Le Château de la Mothe-Chandeniers captured my imagination the moment I laid eyes on it back in my lair half-way around the world. It haunted me so much that I had to come and see it with my own eyes. I had to get as close as I could to it…
Dating back to the thirteenth century, this stronghold had gone back and forth between England and France during medieval times. It was virtually destroyed in the French Revolution. In 1809, Francois Hennecart bought the property. From him, it passed to the Baron Joseph Lejeune (Joseph! However, my fictional Joseph’s name originated much farther back. Theoretically, he could have passed himself off as this Baron). In 1932, a fire gutted the château. It was never restored.
As it stands now, the Mothe-Chandeniers is a heartbreakingly gorgeous relic of the past. Its only inhabitants now are trees and undergrowth and sundry vermin as nature re-stakes its claim on the property. In my novel, Progenie, Joseph lays claim to it still.
In the novel, this edifice retains its abandoned elegance as an inter-dimensional being inhabits planes not readily perceived by the human eye. Walking within the scorched stone of this château, the more perceptive human can catch a glimpse from the corner of his eye the nooks and crannies along the added dimensions. Mathematicians and physicists can find these spaces with numbers and calculations using five-dimensional geometry. However, beings whose physical construct comprises dark matter (which exists across six dimensions) and whose life force is animated by dark energy can move in and out of the planes seamlessly.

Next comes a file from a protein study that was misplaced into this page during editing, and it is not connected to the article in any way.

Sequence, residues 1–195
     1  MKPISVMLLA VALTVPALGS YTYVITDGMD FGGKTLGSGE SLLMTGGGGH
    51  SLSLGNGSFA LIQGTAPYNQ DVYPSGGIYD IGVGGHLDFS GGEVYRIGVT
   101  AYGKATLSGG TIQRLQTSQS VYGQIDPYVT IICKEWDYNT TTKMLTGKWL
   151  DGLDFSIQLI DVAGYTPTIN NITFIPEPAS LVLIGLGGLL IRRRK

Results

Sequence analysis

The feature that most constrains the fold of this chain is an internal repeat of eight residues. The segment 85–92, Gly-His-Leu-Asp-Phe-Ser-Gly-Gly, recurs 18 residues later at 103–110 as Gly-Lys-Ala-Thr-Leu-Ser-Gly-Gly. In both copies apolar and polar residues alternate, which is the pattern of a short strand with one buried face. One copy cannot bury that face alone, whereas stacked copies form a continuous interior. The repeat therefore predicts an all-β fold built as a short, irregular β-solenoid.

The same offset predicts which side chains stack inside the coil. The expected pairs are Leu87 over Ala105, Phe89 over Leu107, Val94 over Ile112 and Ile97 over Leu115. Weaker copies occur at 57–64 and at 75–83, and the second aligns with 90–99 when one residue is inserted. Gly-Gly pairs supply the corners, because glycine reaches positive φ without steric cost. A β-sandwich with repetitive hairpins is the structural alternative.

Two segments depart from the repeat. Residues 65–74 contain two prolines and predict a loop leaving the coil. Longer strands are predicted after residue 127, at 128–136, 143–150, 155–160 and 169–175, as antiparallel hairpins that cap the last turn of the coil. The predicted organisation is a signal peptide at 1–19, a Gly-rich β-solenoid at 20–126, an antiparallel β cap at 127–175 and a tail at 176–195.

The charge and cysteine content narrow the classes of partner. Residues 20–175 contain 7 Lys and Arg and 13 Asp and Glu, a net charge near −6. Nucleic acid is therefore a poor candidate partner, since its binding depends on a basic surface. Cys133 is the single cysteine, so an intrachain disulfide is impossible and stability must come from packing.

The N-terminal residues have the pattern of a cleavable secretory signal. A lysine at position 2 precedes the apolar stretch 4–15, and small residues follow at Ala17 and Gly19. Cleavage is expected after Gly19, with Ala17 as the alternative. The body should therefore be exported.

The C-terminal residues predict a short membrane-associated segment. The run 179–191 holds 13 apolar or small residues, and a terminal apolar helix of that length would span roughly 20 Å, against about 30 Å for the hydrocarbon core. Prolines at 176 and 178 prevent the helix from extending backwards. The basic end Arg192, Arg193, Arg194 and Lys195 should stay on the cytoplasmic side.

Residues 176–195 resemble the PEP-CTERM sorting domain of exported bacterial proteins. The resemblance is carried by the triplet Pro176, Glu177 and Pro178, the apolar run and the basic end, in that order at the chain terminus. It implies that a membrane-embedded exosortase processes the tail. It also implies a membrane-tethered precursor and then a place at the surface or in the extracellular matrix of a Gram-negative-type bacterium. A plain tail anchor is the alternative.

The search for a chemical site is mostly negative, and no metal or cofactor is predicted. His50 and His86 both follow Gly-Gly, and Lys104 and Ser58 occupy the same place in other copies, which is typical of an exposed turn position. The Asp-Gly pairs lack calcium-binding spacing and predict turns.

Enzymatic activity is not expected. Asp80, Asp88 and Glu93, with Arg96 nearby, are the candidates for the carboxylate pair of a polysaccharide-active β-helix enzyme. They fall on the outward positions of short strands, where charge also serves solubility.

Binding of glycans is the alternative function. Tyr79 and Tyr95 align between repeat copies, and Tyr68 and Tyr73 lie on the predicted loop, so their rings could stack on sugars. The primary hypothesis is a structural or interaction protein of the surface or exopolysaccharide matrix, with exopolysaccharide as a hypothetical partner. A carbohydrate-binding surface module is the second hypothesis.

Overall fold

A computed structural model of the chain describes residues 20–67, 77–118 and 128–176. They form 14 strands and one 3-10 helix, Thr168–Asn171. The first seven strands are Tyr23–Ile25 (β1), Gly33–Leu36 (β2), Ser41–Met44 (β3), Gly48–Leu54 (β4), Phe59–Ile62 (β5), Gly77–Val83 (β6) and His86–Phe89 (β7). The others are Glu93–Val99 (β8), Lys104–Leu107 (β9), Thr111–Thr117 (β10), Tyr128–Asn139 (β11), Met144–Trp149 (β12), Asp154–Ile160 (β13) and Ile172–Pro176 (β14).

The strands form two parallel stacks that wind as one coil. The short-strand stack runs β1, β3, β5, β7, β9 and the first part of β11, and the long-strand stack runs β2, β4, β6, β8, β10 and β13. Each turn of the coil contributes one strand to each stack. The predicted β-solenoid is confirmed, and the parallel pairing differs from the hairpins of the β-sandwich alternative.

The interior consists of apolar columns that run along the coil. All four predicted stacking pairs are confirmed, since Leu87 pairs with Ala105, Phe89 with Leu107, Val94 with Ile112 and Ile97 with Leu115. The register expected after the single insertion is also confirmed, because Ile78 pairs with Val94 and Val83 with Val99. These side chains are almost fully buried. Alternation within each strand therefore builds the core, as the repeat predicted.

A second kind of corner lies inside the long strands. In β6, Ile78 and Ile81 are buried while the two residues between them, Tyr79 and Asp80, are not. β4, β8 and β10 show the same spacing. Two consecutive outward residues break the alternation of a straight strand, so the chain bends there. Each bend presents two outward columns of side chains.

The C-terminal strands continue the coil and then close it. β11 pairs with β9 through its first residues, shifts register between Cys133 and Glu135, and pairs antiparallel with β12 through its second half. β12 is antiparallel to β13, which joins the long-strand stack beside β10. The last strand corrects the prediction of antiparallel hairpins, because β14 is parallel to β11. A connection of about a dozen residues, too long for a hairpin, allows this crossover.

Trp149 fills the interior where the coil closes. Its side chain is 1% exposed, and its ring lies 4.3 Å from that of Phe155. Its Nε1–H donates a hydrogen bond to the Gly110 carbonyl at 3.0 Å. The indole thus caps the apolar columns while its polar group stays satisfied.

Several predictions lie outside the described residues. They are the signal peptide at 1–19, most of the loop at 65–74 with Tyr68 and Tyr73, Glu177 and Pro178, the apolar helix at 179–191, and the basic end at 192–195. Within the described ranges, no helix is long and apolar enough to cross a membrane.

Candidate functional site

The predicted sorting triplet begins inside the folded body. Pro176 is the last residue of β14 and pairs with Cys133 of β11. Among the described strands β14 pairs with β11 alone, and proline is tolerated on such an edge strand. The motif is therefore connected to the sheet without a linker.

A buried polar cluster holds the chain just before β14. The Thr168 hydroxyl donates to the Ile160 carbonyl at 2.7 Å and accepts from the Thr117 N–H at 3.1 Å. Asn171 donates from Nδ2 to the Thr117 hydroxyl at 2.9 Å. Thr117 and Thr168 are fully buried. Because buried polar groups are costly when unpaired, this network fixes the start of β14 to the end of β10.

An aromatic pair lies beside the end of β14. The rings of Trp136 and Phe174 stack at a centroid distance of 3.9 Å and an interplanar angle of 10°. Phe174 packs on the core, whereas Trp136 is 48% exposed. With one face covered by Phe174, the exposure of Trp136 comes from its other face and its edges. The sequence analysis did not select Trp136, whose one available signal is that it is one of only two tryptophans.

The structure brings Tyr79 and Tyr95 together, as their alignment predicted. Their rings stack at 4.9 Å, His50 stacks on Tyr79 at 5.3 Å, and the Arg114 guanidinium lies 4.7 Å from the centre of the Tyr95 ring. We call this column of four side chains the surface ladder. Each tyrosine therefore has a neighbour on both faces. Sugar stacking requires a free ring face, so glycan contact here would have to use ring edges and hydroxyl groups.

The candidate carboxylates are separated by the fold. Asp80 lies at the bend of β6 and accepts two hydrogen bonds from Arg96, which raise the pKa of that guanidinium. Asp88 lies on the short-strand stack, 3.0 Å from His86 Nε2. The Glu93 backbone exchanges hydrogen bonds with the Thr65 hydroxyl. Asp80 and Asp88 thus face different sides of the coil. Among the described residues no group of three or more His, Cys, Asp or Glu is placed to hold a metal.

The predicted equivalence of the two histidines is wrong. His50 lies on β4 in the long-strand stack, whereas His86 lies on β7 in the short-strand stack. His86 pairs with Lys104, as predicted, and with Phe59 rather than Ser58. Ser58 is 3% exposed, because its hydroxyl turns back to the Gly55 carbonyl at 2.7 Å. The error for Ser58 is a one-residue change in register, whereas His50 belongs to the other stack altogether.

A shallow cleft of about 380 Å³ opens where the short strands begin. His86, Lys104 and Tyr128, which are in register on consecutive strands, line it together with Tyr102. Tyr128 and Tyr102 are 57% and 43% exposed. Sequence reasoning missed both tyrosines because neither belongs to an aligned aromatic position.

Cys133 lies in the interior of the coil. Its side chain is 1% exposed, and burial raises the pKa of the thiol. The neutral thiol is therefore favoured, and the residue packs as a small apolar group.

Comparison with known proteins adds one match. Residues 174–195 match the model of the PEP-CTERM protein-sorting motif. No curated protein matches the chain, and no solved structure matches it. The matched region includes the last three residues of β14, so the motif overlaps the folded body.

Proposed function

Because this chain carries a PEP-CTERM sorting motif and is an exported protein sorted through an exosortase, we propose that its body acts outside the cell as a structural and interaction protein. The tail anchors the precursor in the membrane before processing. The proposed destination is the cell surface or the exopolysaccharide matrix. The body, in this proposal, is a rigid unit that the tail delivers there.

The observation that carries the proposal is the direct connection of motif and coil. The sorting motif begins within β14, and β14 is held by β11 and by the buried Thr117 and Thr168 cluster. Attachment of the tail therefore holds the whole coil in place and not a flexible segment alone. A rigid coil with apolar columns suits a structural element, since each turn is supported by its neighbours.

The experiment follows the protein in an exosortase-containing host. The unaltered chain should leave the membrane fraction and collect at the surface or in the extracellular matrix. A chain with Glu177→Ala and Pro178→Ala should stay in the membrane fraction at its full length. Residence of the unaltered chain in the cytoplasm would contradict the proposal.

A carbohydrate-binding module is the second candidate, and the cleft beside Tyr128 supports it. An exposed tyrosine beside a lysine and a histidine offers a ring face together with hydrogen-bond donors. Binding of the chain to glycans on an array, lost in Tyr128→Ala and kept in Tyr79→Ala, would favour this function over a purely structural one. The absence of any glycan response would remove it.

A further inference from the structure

Visiting the ruin
Upon arriving at my hotel in Raslay, I ask the owner about this magical château and she agrees it is a beautiful ruin but the owners, she says, are crazy and have been known to pull a shotgun on trespassers. “Be careful, “ she admonishes. And, yes, I agree I should take care, but I have travelled four thousand miles by plane, train, and automobile to see the lair that I have imagined for my forlorn villain, Joseph. I will risk my safety as much as I dare to catch a glimpse of the Château de la Mothe-Chandeniers.
The next day, I take the back roads from my hotel. I hope to drive by the field of rapeseed where my heroine, Zen (In my 2nd novel, Unto the Mother), begins her journey to find Joseph who has done grievous harm to her and her family. I had only imagined its existence but now, I am elated to see that the field actually exists, nearly the way I imagined it.
Expecting the sight of the château’s black spires to herald its presence behind the stand of trees, I drive by the castle, never seeing it. It is well hidden from view of the road. I turn back and notice a private drive with a ‘No Trespassing’ sign. I hold my breath and turn onto the gravel road.
I still do not find the castle. Again, I turn around and, driving back, I see it—not the château but the little chapel to the side of it.
I stop the car and I get out to take pictures. As I am about to get back in the car, I see the Castle! Beyond the trees and the furry tips of tall grasses, I see this lonely abandoned château, the weathered stone of its walls falling away. Leafy inhabitants peer out of the window and wave in the passing breeze. I am so close but I am not there yet.
I drive onto the main road, and just as if it were nestled on another plane, I glimpse it from the corner of my eye. The black spires. The wrought iron dome. The timeworn tower with crucifixes carved into the crenelles.
I park and cross the street to the grass covered bridge. It is crisscrossed with tape. Beyond the barrier is a sign: “Danger”
Stepping over the tape, I walk past the sign. I walk as close as I dare, moving towards Joseph’s Lair…